Posts Tagged ‘Drake’

Music Journal, June 6th 2016

June 5, 2016

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Islah by Kevin Gates

The great contradictions of a person make them interesting, like when Vin Diesel goes to give a woman a kiss. Kevin Gates is the greatest embodiment of contrast, with moments of real empathy and openness right alongside tracks where he goes on and on defending his decision to assault a fan at a show. The music is good to great across the board, lush and full without being overproduced, the beats aren’t particularly showy but never generic. Islah has Gates offering footrubs while his lady talks about her day, juggles his two phones(business and pleasure) and he loves to fuck. He can also rap, sing the hook, and eschews guests. Kevin Gates is too real.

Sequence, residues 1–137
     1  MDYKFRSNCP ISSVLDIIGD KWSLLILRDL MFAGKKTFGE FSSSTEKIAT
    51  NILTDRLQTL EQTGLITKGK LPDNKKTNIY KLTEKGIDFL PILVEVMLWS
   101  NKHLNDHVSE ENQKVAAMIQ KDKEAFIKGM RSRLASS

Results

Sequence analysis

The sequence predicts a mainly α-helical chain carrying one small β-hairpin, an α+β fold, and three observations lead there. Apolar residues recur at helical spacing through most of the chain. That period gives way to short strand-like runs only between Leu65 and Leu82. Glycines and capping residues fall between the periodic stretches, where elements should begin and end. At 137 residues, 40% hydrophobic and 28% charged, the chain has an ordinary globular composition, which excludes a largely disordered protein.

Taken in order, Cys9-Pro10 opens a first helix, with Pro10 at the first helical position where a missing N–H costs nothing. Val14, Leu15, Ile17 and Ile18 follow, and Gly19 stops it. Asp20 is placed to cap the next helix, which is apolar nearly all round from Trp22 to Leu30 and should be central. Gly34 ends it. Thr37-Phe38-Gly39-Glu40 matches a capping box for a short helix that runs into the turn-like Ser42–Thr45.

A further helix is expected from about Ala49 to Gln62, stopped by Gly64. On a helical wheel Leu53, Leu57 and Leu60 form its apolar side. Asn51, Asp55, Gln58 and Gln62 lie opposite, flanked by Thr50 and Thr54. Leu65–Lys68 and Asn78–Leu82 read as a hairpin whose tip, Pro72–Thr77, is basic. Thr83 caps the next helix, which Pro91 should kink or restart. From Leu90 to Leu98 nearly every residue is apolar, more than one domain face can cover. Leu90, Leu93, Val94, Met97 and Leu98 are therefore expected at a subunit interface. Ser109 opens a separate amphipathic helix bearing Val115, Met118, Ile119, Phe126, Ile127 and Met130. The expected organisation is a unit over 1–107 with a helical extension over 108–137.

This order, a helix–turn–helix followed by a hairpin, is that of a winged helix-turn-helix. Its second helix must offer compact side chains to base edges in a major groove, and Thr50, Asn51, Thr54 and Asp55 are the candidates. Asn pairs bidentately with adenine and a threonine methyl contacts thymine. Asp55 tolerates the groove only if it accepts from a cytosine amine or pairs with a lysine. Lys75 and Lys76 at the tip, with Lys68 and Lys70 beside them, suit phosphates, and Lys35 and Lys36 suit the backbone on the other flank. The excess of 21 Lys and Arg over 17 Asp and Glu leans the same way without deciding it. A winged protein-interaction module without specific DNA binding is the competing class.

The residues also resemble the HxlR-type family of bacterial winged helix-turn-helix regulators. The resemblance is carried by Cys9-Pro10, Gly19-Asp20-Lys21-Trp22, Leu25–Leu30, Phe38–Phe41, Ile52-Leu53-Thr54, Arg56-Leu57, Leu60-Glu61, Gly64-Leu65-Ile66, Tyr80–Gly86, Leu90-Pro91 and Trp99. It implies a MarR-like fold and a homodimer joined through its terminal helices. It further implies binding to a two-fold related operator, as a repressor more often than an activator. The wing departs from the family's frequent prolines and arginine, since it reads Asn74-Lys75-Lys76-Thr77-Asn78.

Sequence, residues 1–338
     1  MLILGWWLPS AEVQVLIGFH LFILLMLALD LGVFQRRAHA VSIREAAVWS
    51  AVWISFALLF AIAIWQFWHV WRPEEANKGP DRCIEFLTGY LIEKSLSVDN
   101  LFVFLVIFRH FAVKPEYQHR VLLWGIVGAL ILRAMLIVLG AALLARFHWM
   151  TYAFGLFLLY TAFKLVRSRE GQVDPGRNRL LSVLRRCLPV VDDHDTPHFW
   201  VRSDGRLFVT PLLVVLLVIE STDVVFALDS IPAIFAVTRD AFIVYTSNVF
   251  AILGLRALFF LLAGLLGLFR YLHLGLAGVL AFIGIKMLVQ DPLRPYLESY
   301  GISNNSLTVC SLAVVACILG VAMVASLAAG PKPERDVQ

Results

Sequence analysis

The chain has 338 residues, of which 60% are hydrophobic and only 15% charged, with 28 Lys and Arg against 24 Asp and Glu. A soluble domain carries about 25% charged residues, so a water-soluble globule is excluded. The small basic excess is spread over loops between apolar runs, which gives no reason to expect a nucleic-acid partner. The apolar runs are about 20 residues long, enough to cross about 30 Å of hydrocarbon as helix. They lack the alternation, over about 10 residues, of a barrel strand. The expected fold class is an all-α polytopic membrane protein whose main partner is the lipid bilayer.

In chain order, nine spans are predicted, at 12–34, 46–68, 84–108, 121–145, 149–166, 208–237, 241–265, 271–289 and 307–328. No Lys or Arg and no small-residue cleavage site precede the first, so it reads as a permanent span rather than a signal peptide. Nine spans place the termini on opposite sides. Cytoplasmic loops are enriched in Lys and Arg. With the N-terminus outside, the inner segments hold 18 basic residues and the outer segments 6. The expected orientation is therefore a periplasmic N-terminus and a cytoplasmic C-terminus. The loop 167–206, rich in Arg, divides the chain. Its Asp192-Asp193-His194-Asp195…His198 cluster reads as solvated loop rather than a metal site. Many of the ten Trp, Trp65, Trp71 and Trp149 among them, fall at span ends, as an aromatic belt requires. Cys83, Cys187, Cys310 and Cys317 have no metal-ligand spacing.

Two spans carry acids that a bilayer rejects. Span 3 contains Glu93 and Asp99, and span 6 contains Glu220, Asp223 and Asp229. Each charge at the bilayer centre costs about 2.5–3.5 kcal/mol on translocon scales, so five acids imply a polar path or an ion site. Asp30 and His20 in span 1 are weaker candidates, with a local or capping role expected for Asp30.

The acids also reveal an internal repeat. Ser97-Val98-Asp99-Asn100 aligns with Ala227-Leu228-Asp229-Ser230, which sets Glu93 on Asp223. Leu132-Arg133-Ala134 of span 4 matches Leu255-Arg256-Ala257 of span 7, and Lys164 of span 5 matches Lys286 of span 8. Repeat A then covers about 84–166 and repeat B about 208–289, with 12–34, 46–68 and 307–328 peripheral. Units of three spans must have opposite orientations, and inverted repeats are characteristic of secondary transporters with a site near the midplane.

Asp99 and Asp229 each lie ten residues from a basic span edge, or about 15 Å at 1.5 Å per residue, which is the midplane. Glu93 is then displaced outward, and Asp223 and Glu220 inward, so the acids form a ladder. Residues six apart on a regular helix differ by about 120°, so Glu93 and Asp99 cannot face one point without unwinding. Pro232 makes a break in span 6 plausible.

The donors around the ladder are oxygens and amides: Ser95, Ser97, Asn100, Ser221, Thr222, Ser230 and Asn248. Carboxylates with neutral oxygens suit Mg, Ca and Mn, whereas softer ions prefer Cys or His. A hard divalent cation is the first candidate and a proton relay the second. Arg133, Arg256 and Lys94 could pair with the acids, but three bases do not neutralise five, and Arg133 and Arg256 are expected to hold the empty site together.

Ξ by The Toxic Avenger 

The overhanging menace is a bit much. No attempts to dance. I think there is a GG Allin sound bite. A good reminder that blog house is dead too. Closing track “Together” aspires to some kind of lights in the sky, hands up in the air losing it moment but that dark menace, for whatever purpose it is supposed to lend, just sucks the air out of the room. This is so tasteful it might as well be hors d’oeuvres tray.

The Things We Do To Find People Who Feel Like Us by Beach Slang

The lead singer has that nice grit in his voice that makes guys like Ryan Adams and Walter Schreifels so appealing. The majority of these tracks rip it up, and “Dirty Lights” might be the rippiest of them all. My favorite part is this line in “Ride the Wild Haze”:

Get really high
Stay up for days
I come back down and somehow things are all the same

That’s fucking life, man.

The Life of Pablo by Kanye West